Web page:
cc licensed flickr photo shared by gamp

Taking a page from Google, there is new announcement from the automobile industry:

BillyBob and Melba Bootwaddle, the original creators of the reverse flow corn cob floating ball carburetor, will take the stage to unveil their latest project, Ford Wave. As BillyBob describes it, “Knowing what we do about automobiles, we set out to answer the question: What would cars look like if we set out to invent them today?”

That is exactly the right question, and one that every US car maker should be asking him or herself. The world of cars has changed, profoundly, yet so many of our cars bear the burden of decades of old thinking. We need to challenge our assumptions and re-imagine the vehicles we take for granted. It’s perhaps no accident that this project, carried out secretly at Ford’s Locus Bayou office over the past two years, had the code name Old Yeller. That’s the Arkansas old time tradition of going off for an extended period to retrace the skunk hunting trails and learn the world anew.

lifted and parodized from O’Reilley Radar and done so only in fun and respect from that Web 2.0 coiner

Ford Waves are available only by a secret invite down to the shed from your cousin Earl or his brother Earl.

Yes, I am mocking Google Wave, but I think Chris Lott went and Ruimated my sentiments exactly in his post today Google Wave Hype or Hope?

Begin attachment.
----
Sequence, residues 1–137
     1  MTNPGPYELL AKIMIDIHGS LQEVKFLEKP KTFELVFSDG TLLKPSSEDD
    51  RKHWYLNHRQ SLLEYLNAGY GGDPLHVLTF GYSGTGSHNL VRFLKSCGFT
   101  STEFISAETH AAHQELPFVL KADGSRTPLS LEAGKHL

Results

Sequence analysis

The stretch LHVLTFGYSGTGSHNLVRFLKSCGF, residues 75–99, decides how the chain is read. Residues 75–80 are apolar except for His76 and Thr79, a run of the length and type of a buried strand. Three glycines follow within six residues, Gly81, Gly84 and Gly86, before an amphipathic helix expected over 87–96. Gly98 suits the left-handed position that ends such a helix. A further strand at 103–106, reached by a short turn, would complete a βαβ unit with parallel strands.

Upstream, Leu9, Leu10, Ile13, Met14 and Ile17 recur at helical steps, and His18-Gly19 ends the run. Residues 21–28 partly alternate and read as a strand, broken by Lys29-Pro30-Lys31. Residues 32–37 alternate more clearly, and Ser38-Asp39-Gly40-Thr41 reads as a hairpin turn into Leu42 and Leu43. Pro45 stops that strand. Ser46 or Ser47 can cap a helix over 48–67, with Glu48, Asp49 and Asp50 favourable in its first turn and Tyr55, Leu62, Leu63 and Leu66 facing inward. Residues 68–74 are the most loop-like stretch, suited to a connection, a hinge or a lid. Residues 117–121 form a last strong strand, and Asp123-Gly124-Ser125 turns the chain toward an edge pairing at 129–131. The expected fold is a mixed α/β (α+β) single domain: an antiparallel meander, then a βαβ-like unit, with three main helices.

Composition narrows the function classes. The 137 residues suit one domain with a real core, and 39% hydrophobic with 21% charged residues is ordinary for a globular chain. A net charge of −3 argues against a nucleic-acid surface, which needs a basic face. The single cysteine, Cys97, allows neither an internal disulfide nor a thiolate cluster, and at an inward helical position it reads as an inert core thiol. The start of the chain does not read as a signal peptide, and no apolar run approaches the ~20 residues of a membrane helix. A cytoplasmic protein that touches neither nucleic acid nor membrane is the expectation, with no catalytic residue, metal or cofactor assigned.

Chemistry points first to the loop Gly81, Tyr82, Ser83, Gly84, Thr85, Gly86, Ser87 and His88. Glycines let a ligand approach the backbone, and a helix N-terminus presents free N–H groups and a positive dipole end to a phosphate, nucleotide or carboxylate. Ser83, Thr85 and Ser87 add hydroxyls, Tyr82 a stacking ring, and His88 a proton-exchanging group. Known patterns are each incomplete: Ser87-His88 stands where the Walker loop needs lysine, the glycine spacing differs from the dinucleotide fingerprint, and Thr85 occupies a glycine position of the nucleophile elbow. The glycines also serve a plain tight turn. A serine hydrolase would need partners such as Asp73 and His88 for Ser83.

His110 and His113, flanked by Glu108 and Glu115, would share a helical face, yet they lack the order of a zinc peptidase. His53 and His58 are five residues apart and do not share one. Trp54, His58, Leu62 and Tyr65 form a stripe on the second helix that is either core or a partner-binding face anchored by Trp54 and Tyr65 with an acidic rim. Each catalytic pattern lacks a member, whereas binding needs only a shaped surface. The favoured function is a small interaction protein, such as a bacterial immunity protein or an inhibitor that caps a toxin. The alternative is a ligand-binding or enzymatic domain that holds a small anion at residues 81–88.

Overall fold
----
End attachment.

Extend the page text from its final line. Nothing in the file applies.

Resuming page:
I thought Google Wave was a solution in search of a problem. It’s probably more accurate to say Google Wave is (thus far) a clumsy solution to a very small problem that can be productively solved with existing, better performing tools””including a few applications provided by Google itself. This may change in the future: I can understand, even if I don’t buy, Google’s positioning of Wave as an email killer, combining functions of email communication with rich media, chat and wiki facilities. But for now it’s simply a slow, buggy, painful experiment for which I’ve yet to see a practical use with benefits enough to outweigh the cost.

[Side-note: the debut of highly hyped products like Google Wave tends to bring the worst out of many in educational technology, (sometimes inadvertently) confirming the unfortunate characterizations of my community by those outside. First are those who immediately start looking through the wrong end of the telescope and start conversations based on questions like “how can we use Google Wave in education?” It’s not that this is, at heart, the wrong question, but in posing it that way we appear to be the very “geeks obsessed with every shiny new toy” that many think we are. Second are those that latch onto features provided by a product and highlight/elevate them without any evidence of their value in the first place. For instance, Wave may very well be useful for collaborative note-taking, but what supports the contention that collaborative note-taking is of any value in the first place? Just because a cool product does it?]

Like Chris, I am trying to do some wave attempts but am not feeling any thing close to shine.

But then again, I lack the shrewd investigate prowess of our leading spotlight of technology

and I cant wait to be proven wrong. But you should see how fast a ride that Ford Wave really is!

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Profile Picture for Alan Levine aka CogDog
An early 90s builder of the web and blogging Alan Levine barks at on web storytelling (#ds106 #4life), photography, bending WordPress, and serendipity in the infinite internet river. He thinks it's weird to write about himself in the third person.

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